Many Kansas students were happy when school was cancelled, but others were disappointed. Among the latter were the many students across the state that were involved in the Kansas KidWind Challenge.
Now, that program has been cancelled due to the COVID-19 pandemic.
“With schools being closed for the remainder of the school year, we decided it would be best to cancel the State KidWind Challenge for 2020,” said Ryan Hamel of the K-State Engineering Extension – Kansas Energy Program.
“One of the main reasons to host the State Challenge is to determine the winning teams that will move on to the National KidWind Challenge, which is held in early June,” Hamel said. “We have heard from those organizers it is highly unlikely the National KidWind Challenge will happen – many other states had their Challenges scheduled for March/April and will be unable to complete them.”
The science behind wind energy has captured the attention of Kansas students and boosted the number of competitors in the state’s KidWind Challenge from 17 teams in 2018 to 71 teams this year. The increased number of participants also prompted the addition of a fifth regional competition. After regional events, the Kansas KidWind Challege was scheduled to culminate in a state competition in Topeka on April 4 at the Topeka Center for Advanced Learning and Careers.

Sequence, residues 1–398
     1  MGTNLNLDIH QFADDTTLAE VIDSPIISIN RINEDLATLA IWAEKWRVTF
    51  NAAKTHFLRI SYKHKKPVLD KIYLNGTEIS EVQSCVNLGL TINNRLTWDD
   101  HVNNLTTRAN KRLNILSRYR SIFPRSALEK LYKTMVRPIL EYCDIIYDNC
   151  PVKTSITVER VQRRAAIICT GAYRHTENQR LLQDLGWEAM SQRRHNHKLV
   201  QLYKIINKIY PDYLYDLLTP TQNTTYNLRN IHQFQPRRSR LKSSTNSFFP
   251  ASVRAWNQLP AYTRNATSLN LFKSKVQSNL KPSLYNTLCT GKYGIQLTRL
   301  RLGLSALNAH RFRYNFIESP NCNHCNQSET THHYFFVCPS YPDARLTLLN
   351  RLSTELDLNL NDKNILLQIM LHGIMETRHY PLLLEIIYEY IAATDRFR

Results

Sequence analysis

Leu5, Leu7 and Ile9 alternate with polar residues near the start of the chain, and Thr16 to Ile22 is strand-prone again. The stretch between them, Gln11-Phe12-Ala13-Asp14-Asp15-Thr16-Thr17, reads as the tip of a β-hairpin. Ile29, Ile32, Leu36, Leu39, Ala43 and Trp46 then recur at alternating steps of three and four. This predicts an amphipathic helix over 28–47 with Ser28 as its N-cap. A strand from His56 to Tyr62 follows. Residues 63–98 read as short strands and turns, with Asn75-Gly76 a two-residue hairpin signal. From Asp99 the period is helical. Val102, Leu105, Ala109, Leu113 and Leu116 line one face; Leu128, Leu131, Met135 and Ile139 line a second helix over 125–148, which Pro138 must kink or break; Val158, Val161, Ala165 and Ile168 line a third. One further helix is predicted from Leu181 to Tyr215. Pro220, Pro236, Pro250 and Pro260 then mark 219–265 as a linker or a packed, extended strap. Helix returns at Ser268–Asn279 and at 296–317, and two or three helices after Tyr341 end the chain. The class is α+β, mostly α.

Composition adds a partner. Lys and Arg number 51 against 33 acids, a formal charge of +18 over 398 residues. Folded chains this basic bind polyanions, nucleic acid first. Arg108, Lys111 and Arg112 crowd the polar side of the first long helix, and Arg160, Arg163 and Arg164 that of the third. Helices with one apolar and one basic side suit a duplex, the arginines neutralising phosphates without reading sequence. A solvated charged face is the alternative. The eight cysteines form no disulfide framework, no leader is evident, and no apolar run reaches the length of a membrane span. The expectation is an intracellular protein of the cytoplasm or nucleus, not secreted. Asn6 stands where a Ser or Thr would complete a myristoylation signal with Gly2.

KidWind is an annual competition where student teams build and test their own wind turbines, then compete in a regional event for a chance to move on to state and national competitions. The events are part of the Energy Education partnership between the Kansas Corporation Commission and K-State Engineering Extension with a grant from the U.S. Department of Energy.
“KidWind is a fantastic hands-on opportunity that allows students to tinker and experiment with wind turbine designs. They experience the thrill of scientific discovery as their designs are validated through performance testing, and they hone their public-speaking skills as they present their turbine design to a panel of judges,” explained David Carter, Director of the Kansas Energy Program at K-State Engineering Extension.
Tatum Vogel, a teacher at Dighton Elementary, said the skills her students learned from KidWind extended beyond science to include perseverance and other life skills.
“We went to the regional competition with a turbine that was heavy and barely turned. We weren’t out of the city limits that day, and these students had already redesigned the entire top. The life skills involved were priceless. They had to communicate, work together, take initiative to learn more, and apply all the science and physics along the way,” said Vogel.
Teams compete by age group, 4th – 8th grades or 9th – 12th grades, with three to five students per team (recommended). At each regional competition, the top two teams in each age group advance to the state finals. State winners move on to the national competition in Denver. The complete schedule of events appears below. All events are open to the public.
More information about KidWind is available at https://kansasenergyprogram.org/kidwindchallenge.